However, the month also ushers in a season when people face increased risk of injury from spring activities in or around power lines.
Throughout the year, Ameren utility companies -AmerenCILCO, AmerenCIPS, AmerenIP and AmerenUE -- encourage the safe use of electricity and natural gas. Here are some seasonal safety tips from your utility company:
Use only non-conductive materials for making a kite. Wire, tinsel and metal conduct electricity when they touch electric wires or are struck by lightning.
Fly kites in wide open places far away from power lines.
If your kite gets caught in a power line, leave it there.
Avoid flying kites in stormy weather. Wet kite strings can conduct electricity from power lines and lightning.
When climbing trees, check to make sure there are no power lines hidden among the limbs. Choose a tree that is away from power lines.
If you are painting or making repairs on your house, be careful where you carry and place your ladder. Avoid contact with wires running overhead.
Avoid planting trees in locations that will cause problems with power lines once the trees are full grown.
Before digging in your yard, call the service that marks the location of underground utilities in your area to make sure you do not strike underground power lines or gas pipes. In Missouri, it's the Missouri One Call System (MOCS) at 1-800-DIG-RITE (1-800-344-7483), and such notification is required by state law. In Illinois, the law requires contacting JULIE (Joint Utility Location Information System for Excavators) at 1-800-892-0123.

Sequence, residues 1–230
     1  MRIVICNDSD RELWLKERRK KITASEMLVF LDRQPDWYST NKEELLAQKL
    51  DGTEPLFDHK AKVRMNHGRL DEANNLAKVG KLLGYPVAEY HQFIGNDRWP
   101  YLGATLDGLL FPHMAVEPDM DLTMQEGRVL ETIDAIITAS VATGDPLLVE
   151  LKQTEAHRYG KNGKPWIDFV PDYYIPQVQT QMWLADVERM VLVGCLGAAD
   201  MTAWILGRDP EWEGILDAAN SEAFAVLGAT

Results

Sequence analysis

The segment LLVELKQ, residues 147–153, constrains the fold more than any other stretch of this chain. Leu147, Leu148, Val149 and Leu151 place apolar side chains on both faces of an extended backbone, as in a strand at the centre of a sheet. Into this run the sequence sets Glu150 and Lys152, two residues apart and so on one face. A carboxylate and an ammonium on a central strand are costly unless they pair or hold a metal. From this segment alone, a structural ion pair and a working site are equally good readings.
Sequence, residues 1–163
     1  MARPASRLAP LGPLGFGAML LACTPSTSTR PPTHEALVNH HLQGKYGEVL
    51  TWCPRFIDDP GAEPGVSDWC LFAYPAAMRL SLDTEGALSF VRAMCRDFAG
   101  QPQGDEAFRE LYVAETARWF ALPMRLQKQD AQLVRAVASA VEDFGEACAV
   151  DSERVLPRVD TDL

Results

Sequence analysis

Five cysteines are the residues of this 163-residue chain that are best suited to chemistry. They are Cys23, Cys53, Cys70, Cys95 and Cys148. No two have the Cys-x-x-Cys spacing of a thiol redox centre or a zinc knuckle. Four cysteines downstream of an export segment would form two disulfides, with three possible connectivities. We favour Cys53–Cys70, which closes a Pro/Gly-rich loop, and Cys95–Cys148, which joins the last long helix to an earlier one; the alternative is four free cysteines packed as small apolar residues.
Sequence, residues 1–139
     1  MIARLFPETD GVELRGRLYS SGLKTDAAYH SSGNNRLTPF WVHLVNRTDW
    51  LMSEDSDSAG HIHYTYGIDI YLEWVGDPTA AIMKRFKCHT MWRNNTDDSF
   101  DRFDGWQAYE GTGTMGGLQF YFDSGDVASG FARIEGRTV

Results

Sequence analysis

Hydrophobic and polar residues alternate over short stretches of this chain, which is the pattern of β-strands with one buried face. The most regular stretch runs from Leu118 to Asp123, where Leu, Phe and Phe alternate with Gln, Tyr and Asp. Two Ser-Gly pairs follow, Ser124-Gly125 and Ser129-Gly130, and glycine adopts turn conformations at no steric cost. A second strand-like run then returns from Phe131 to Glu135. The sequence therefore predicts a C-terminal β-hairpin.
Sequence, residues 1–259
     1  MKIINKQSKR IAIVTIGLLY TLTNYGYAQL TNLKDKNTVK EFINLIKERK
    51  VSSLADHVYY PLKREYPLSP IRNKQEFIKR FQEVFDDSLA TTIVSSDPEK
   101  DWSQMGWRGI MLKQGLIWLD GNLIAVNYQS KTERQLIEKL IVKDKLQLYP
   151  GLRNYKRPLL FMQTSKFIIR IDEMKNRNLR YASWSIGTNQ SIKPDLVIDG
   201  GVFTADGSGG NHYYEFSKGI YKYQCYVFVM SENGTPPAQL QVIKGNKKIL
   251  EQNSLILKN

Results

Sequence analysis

A single call to MOCS or JULIE from an excavator who plans to dig triggers a location request message to all participating utilities who may have facilities near the excavation. Providing the required information to the MOCS and JULIE not only helps ensure safety, but it also satisfies excavators' notification obligations under state law.
For additional safety information, visit Ameren's Web site (www.ameren.com) and the Safe Electricity Web site---www.safeelectricity.org.
Ameren's operating companies provide energy services to 2.4 million electric customers and nearly one million natural gas customers in a 64,000-square-mile service area in Missouri and Illinois.
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